Using Mossbauer spectroscopy to identify Indiana oil shales : an honors thesis ([HONRS] 499)

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Booher, Nancy J.
Howes, Ruth (Ruth Hege)
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Thesis (B.?.)
Honors College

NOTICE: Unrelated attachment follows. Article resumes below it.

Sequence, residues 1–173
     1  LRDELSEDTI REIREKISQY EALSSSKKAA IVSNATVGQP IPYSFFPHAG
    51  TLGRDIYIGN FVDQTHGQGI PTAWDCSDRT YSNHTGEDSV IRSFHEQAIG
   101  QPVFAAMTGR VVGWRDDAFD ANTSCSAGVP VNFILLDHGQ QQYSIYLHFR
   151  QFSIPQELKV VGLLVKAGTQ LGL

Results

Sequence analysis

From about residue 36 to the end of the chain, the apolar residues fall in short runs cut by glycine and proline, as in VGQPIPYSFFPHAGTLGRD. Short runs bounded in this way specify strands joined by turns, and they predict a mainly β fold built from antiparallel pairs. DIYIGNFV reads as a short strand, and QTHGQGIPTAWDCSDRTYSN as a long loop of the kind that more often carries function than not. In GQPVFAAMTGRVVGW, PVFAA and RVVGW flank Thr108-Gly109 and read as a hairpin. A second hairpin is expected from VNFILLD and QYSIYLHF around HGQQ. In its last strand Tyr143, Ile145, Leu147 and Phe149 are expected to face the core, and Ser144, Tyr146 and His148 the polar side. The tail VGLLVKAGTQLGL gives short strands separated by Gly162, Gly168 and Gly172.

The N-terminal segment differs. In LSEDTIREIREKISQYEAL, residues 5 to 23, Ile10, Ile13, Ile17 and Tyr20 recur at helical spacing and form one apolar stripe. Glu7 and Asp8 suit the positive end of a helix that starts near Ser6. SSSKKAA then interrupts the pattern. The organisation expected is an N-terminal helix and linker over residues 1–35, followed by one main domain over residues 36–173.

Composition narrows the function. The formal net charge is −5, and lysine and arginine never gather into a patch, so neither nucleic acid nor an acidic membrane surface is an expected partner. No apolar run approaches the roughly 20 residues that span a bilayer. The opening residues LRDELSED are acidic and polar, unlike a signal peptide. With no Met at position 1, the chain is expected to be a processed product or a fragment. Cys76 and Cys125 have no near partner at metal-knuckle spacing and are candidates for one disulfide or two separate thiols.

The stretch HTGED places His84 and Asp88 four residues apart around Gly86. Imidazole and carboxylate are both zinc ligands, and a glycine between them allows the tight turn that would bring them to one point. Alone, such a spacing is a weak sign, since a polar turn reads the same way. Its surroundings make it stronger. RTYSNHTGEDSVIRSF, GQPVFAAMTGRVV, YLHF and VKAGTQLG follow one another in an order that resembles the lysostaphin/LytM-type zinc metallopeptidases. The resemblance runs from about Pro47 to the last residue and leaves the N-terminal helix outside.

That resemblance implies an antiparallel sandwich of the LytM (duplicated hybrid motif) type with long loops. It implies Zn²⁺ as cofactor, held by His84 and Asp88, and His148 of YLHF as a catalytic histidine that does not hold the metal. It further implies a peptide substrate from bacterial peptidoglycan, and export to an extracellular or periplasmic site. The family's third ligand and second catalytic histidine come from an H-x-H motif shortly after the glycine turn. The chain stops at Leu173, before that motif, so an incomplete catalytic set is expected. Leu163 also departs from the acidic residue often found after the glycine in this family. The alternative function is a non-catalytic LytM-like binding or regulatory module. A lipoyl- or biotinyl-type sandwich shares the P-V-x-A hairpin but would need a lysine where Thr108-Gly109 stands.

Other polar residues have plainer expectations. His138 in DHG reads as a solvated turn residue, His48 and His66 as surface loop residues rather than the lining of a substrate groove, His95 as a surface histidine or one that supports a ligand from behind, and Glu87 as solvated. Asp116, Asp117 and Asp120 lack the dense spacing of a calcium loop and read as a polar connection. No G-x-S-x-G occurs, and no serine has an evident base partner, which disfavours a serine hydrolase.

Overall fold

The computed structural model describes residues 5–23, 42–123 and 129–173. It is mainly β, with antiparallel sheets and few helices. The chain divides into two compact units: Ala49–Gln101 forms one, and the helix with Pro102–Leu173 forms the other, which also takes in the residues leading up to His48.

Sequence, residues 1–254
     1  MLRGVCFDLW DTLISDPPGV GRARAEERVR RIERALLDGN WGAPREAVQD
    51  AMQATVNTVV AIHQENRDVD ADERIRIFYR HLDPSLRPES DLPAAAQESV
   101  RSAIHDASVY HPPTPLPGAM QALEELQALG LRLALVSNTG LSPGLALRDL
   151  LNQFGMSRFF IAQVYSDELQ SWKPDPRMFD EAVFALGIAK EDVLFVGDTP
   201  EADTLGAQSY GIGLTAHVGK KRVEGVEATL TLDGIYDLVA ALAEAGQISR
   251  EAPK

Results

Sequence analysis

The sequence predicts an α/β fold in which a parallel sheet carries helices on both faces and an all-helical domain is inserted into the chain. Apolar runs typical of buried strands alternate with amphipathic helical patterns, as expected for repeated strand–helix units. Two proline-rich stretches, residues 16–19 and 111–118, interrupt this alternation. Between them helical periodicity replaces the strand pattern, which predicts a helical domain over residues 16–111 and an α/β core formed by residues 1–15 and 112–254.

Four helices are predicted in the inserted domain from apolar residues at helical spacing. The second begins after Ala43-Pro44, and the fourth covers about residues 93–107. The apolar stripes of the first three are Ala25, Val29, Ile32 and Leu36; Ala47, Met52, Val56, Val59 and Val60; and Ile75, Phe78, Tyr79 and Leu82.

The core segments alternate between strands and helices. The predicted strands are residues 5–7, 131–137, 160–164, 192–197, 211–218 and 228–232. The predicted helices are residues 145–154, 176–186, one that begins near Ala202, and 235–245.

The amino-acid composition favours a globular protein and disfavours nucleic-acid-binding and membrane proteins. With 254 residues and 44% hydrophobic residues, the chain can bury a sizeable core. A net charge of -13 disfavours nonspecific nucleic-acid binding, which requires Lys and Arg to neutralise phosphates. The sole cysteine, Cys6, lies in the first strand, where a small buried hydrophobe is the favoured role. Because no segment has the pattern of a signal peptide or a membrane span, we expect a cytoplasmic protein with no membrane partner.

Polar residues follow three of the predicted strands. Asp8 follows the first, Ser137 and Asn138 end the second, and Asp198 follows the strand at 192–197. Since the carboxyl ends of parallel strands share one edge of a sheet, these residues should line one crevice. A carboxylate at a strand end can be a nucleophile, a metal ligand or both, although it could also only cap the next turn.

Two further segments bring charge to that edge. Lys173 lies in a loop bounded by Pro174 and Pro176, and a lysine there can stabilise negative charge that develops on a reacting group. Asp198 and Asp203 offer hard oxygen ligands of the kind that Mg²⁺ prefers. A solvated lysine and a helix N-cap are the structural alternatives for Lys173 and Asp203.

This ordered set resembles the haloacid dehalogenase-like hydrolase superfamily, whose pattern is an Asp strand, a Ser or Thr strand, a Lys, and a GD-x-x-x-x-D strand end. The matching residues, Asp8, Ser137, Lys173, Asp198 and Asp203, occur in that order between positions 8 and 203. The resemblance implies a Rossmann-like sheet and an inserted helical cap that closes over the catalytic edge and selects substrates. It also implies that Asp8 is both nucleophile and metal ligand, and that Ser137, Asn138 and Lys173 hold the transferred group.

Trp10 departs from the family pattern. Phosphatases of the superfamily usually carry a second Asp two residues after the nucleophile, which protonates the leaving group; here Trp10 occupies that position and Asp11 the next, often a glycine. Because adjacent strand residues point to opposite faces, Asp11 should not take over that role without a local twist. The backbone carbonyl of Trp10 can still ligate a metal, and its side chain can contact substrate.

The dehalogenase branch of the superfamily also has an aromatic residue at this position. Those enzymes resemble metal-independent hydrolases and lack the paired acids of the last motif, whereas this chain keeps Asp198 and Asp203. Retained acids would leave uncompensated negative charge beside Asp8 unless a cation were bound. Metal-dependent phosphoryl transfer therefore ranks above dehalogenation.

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Oil shales are recognized as being a potential source of petroleum for the immediate future. Indiana may have a source of valuable oil in its NewAlbany Shale which is distributed throughout the southern and western regions of Indiana. Shales are sedimentary rocks formed in shallow seas which are mixtures of inorganic minerals and organic materials. The organic matter contained in the oil shales is mainly kerogen, an insoluble solid material which can be extracted from the rock and refined to produce petroleum products. Kerogen is formed from the decomposition of plants buried in sediments. -The process by which plant materials decompose and reform into kerogen as the sediments are compressed into shale is not well understood. In particular, the minerals in the shales which surround the organic material may or may not play a catalytic role in kerogen-formation.Investigations by the Indiana Geological Survey have shown that the New Albany Shale has a number of characteristic rock formations which reflect the organic content of the shale. There is a black shale rich in organic material with a high potential for petroleum development, a greenish-gray shale which is poor in organic material, and brown shales with an organic content which ranges between that of the black and the greenish-gray shales. Despite the obvious color differences in the shales, there are few mineralogical differences. For this reason standard mineralogical techniques cannot be used in trying to determine the relationship of the minerals present in the shales to the formation of kerogen.It has been hypothesized that the organically rich oil shales were formed in an anoxic environment. The kerogen poor shales were formed in an environment high in oxygen which supported the presence of burrowing animals who consumed the plants before the kerogen could be formed. On this basis, it is expected that minerals in the organically rich shaleswill be in a reduced oxidation state relative to those in the organically poor shales. (Maynard, 1982) This study reports an attempt to determine whether Iron-57 Mossbauer spectroscopy can be used to study the differences in the mineralogy of Indiana's New Albany Shales.